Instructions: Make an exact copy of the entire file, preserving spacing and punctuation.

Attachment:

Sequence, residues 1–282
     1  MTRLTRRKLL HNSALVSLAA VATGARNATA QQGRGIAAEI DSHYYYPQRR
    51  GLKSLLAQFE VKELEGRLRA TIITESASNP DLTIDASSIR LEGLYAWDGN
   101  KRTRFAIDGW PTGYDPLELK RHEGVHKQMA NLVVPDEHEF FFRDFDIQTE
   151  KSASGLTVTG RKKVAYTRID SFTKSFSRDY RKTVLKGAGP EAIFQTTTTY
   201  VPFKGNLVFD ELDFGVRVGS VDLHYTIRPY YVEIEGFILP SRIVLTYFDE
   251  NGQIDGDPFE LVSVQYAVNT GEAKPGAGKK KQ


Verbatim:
Sequence, residues 1–282
     1  MTRLTRRKLL HNSALVSLAA VATGARNATA QQGRGIAAEI DSHYYYPQRR
    51  GLKSLLAQFE VKELEGRLRA TIITESASNP DLTIDASSIR LEGLYAWDGN
   101  KRTRFAIDGW PTGYDPLELK RHEGVHKQMA NLVVPDEHEF FFRDFDIQTE
   151  KSASGLTVTG RKKVAYTRID SFTKSFSRDY RKTVLKGAGP EAIFQTTTTY
   201  VPFKGNLVFD ELDFGVRVGS VDLHYTIRPY YVEIEGFILP SRIVLTYFDE
   251  NGQIDGDPFE LVSVQYAVNT GEAKPGAGKK KQ